Williams Condemns Harrassment of Churches in Zimbabwe

Archbishop of Canterbury Dr. Rowan Williams has condemned the Zimbabwean Government following reports of authorities disrupting church services and intimidating opponents of an ousted bishop.

In a statement Monday, Williams – who is the spiritual leader of the Anglican Communion – said he "condemns unequivocally the use of state machinery to intimidate opponents of the deposed bishop of Harare, Nolbert Kunonga."

On Sunday, police in the capital burst into a number of services being held at churches aligned with the Rt. Rev Sebastian Bakare, who was appointed acting bishop of Harare. At least three priests and several parishioners were arrested in the raids on the charge of holding services without the authorization of police or government. Only clergy supporting Kunonga may legally continue to hold services, police warned parishioners in leaflets.

Williams said he was "appalled" by the reports of Zimbabwean police forcibly stopping the Sunday services in Harare "where clergy have publicly and bravely refused to acknowledge Kunonga's Episcopal authority."

Kunonga, a close ally of President Robert Mugabe, had his priestly license revoked last December after illegally separating from the Anglican Central African Province. He announced on Saturday that he had formed his own Anglican Church of Zimbabwe and installed himself as Archbishop.

Williams called Kunonga's behavior and consistent refusal to maintain appropriate levels of independence from the Zimbabwean Government "untenable." Kunonga was one of a small number of bishops who did not receive an invitation to attend the Anglican Communion's decennial 2008 Lambeth Conference.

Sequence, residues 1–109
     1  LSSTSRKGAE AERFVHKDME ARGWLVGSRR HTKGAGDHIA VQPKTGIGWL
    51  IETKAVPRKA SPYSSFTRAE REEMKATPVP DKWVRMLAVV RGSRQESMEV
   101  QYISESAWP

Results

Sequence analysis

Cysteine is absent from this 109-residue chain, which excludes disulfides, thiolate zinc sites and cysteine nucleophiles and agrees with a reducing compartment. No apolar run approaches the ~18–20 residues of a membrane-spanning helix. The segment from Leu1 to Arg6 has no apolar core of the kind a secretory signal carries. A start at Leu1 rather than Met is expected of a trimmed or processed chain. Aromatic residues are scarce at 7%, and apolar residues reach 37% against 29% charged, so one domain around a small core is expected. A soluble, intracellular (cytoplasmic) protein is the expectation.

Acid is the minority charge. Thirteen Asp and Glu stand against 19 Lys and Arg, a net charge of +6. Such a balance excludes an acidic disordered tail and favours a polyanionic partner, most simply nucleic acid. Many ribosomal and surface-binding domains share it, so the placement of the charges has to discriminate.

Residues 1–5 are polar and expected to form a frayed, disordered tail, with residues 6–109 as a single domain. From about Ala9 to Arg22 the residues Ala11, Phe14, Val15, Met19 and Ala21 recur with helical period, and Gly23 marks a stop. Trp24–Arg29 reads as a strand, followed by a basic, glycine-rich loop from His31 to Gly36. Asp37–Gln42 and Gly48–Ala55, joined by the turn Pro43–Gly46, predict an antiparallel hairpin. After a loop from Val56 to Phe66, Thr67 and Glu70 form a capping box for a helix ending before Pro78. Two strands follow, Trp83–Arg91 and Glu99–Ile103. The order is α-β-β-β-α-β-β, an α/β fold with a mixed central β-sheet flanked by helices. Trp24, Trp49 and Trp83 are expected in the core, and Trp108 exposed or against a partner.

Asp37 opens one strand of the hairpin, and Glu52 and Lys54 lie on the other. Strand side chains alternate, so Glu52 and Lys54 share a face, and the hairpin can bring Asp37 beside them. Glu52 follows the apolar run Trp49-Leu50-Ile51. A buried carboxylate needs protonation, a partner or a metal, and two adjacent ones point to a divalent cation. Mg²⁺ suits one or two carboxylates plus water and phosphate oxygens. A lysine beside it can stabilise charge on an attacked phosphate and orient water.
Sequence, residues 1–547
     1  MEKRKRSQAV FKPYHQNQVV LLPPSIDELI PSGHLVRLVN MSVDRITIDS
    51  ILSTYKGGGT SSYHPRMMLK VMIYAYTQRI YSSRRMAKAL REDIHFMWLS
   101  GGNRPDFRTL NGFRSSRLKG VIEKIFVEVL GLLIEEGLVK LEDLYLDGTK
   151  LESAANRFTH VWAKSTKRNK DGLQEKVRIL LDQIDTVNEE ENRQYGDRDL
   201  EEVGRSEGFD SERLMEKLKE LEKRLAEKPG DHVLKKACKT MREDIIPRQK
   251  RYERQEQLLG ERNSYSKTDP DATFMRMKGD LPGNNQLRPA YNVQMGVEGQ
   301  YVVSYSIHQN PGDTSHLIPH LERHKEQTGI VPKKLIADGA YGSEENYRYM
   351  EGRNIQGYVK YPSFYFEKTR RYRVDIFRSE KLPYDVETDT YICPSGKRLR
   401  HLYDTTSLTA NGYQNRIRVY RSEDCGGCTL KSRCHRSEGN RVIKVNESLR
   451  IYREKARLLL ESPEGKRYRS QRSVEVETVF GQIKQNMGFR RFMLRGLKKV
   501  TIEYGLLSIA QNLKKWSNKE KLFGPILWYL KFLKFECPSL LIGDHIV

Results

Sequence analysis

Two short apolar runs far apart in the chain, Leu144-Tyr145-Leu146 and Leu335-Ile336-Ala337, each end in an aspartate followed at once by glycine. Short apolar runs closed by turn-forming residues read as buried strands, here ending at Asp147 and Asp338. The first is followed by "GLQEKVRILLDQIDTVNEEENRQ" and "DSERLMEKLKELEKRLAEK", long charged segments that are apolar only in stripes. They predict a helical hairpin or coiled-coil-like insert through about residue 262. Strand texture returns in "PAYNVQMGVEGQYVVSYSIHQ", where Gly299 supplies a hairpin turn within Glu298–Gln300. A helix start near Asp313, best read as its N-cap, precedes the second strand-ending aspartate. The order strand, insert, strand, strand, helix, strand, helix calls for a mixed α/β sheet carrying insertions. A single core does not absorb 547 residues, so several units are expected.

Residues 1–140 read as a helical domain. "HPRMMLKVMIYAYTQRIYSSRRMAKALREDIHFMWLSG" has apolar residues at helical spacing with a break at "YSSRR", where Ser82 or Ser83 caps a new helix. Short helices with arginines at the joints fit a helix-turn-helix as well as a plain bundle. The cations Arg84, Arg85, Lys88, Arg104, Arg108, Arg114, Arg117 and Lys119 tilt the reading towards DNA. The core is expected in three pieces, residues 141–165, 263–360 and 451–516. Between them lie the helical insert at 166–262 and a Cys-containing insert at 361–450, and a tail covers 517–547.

The Archbishop went on to express his "solidarity" with the Province of Central Africa, which covers Malawi, Zambia, Botswana and Zimbabwe, in supporting Bakare.

In the divide over homosexuality in the Anglican Communion, Kunonga has attempted to claim he is on the side of biblical orthodoxy, according to the Church Times.

Meanwhile, he appears to have little support from parishioners. Around 20 parishes in Harare openly declared their support for Bakare by deciding to hold their own services on Sunday, instead of seeking state authority.

The Secretary General of the Anglican Communion, the Rev. Kenneth Kearon, said that the situation of the Anglican Church in Harare was "a matter of grave concern to all in the Anglican Communion" and that Kunonga's actions were an "embarrassment."

"Bishop Kunonga's close ties with President Robert Mugabe is of deep concern to many and the resort to violent disruption has been widely deplored," Kearon said.

"His unilateral actions with respect to the Diocese of Harare and his own status within the Province of Central Africa are, to say the least, questionable and have brought embarrassment to many," he added. "Above all, I am concerned for the well-being of faithful Anglicans who seek to practice their faith in peace and free from violence."

He assured Anglicans in Zimbabwe of his prayerful support.